Plant population considerations for corn following corn
Data from USDA-ERS show a decreased seeding rate for corn following corn compared to soybean in Iowa (see Figure 1). This difference may simply be due to the locations that generally raise multi-year corn versus other areas of the state. In other words, most acres are in corn-soybean production across Iowa, and therefore, more seeding rates are taken into account when figuring plant populations for a corn-soybean system than corn following corn. The data bring a valid question; should different seeding rates be used for corn following corn than corn following soybean?
Figure 1. Seeding rate for corn following corn and soybean in Iowa during 1996-2005. (United States Department of Agriculture-Economic Research Service)
Corn does require more moisture (generally a few inches) per growing season than soybeans. Therefore, multi-year corn is at a slight disadvantage because of the reduced available moisture. If moisture is taken into consideration in seeding rate decisions, producers may want to reduce their seeding rates if they believe moisture to be limited in the upcoming growing season. This would be an attempt to tailor the seeding rate to what the environment can "handle." The U.S. Drought Monitor as of February 8, 2007 (Figure 2), reveals most of Iowa has normal moisture; the exception is southeast Iowa. Therefore, a moisture deficit may not be a major factor to consider when determining seeding rates in 2007 for most areas, although available moisture in the growing season should always be considered.
Previous Iowa State University data (1997-2000) showed that, in general, a harvest population of 32,000 plants per acre gave the optimum yield across the state. Hybrids continue to be bred for good performance under increased populations though. Based on 2006 data, highest yields were associated with a final population that was approximately 2,000 plants per acre higher (approx. 34,000). Therefore, in typical growing environments, we believe the optimum plant population has increased. The next question is whether seeding rates should be changed to reflect the cropping system they are planted into.
Figure 2. U.S. Drought Monitor, February 8 , 2007, www.drought.unl.edu/dm/monitor.html.
Research conducted by the University of Wisconsin during 1995-1997 investigated final plant populations relative to the system they were placed into. The yield response to plant population did not differ whether corn followed corn or soybean. The highest yields were associated with a final population of approximately 30,000 plants per acre (this was the highest population included in the study). Based on this research, we can conclude that yields follow the same response trend to population regardless of what system they are placed into.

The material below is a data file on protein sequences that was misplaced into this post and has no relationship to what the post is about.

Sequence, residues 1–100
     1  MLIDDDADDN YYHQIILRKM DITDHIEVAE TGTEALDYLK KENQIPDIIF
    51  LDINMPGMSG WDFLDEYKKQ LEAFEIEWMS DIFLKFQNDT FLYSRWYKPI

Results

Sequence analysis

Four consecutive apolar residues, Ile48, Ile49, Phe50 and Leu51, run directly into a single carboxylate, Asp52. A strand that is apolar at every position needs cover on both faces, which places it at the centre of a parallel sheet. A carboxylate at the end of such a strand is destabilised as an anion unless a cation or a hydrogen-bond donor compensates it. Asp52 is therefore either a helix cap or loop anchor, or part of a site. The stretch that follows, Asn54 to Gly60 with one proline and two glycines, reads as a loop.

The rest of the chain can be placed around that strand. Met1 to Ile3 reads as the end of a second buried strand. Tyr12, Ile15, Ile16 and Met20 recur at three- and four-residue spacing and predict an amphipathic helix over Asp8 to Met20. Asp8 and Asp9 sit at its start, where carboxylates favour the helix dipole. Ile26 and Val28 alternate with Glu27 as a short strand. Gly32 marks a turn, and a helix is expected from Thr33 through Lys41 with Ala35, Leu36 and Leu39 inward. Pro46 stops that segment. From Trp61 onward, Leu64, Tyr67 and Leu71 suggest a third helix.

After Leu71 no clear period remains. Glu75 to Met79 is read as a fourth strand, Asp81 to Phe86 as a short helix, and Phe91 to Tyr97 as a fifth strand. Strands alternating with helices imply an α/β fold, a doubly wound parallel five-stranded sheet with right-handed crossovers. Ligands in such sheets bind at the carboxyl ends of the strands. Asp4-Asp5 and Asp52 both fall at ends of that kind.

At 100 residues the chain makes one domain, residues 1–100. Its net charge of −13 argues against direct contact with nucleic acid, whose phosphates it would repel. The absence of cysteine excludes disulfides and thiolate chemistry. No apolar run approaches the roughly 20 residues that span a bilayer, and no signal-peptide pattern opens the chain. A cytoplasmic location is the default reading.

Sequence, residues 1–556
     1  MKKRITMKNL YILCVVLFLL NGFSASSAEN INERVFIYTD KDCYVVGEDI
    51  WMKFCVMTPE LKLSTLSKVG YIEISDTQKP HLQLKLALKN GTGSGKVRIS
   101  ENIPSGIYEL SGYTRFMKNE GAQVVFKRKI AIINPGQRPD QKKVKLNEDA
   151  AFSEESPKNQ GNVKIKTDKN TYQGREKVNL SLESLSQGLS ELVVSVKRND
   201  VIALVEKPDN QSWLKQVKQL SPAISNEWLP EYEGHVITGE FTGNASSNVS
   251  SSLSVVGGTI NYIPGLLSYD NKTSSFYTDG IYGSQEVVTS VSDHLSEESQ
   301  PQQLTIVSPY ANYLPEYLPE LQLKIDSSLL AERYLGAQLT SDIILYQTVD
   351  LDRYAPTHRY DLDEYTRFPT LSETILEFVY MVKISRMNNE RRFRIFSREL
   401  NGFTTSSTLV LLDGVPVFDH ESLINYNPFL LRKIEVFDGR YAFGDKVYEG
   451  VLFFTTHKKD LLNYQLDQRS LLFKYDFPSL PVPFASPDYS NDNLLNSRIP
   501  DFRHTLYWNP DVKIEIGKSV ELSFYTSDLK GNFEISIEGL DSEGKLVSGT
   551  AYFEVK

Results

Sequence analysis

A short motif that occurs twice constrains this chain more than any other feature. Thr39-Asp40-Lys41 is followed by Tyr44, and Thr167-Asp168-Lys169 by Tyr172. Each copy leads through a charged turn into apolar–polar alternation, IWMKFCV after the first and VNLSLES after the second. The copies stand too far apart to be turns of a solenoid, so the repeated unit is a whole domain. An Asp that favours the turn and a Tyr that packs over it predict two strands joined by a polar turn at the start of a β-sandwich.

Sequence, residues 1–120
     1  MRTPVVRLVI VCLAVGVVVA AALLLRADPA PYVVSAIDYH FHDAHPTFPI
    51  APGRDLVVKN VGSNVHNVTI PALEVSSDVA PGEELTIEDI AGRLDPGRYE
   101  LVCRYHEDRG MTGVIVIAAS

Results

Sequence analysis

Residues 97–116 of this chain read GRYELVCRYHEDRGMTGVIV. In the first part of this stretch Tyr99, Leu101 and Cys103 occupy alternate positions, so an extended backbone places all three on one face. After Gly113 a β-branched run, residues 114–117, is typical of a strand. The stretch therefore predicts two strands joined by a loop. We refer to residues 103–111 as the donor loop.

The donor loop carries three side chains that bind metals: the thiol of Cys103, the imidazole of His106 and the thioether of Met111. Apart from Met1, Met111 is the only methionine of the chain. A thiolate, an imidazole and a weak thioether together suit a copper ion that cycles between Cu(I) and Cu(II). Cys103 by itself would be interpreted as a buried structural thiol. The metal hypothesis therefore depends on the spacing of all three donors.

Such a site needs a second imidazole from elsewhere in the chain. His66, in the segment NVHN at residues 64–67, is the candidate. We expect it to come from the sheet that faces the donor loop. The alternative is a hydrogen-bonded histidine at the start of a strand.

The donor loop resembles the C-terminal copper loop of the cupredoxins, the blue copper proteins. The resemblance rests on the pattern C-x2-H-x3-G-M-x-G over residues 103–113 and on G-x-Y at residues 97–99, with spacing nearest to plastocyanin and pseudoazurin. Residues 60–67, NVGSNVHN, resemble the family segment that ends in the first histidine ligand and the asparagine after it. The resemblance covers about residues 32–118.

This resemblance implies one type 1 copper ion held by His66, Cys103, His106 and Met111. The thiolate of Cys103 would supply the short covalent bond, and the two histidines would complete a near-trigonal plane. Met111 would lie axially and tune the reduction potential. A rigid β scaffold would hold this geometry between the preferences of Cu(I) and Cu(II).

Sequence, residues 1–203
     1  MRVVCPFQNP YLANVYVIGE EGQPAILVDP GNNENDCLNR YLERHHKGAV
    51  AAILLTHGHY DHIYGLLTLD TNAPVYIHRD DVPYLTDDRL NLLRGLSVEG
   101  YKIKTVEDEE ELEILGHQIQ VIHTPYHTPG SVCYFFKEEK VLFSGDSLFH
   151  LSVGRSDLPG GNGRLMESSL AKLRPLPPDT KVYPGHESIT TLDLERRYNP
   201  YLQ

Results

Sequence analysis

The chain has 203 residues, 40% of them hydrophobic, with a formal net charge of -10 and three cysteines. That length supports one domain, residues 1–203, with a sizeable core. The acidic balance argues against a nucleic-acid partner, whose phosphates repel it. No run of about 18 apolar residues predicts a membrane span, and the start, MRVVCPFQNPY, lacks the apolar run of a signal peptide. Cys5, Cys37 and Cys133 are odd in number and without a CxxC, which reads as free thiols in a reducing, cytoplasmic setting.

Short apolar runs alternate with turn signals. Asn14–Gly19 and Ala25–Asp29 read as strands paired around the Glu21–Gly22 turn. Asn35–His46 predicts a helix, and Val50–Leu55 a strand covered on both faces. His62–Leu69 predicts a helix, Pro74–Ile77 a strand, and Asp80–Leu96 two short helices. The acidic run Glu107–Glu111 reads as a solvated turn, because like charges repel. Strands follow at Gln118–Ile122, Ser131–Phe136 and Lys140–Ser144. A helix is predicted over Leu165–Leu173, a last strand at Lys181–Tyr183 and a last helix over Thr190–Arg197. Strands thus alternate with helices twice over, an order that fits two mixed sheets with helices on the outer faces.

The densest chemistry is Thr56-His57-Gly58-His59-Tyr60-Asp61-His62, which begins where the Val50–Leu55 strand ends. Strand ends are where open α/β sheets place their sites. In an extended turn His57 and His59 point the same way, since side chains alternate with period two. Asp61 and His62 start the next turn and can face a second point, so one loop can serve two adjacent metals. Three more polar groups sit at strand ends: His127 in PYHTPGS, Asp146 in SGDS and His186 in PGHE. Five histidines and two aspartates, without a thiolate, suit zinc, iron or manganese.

Research by Iowa State this past year agrees with University of Wisconsin data, in that there was no interaction between population and rotation sequence (i.e., population caused the same yield response trend). Yet, this does not mean that there are not overall population differences between the systems. In other words, are the number of seeds planted and the number of final plants at harvest similar between the two systems? Research from Iowa (2006) shows an overall difference in final population relative to the seeding rate (see Figure 3). Note that at Nashua (northeast Iowa), the final population for corn following soybean was greater than corn following corn by approximately 2,000 plants, although the linear responses are nearly parallel to one another. In this one location, the final population was less for corn planted into corn residue than soybean residue. We expect heavy residue to have been partially responsible for the reduced stand in corn following corn; see Allelopathy: A cause for yield penalties in corn following corn? to understand the relationship among residue, seed germination, and plant growth.
Figure 3. The relationship between seeding rate and harvest population. Ideally, we would like to have every seed planted be present at harvest; this would signify a 1:1 ratio. Most hybrids have a 95 percent germination rate, which means that each seeding rate should parallel the 1:1 line, except that it would be slightly below it. As the seeding rate increases though, the final populations start to drag down from the 1:1 line.
ISU and the University of Wisconsin data show that yields will respond similarly to population regardless of the system in which they are placed. Yet, slightly greater harvest populations could be realized in corn following soybean than in corn following corn. To have the same harvest population between both systems may require a higher seeding rate into corn residue, especially if the residue is heavy. Increasing the seeding rate slightly may not result in increased yields, but rather that your stands between the two systems may be more closely related.
Portions of this text, written by Lori Abendroth and Roger Elmore, originally appeared in the Integrated Crop Management extension newsletter on pages 6-9 of the IC-498(1) - February 5, 2007 issue.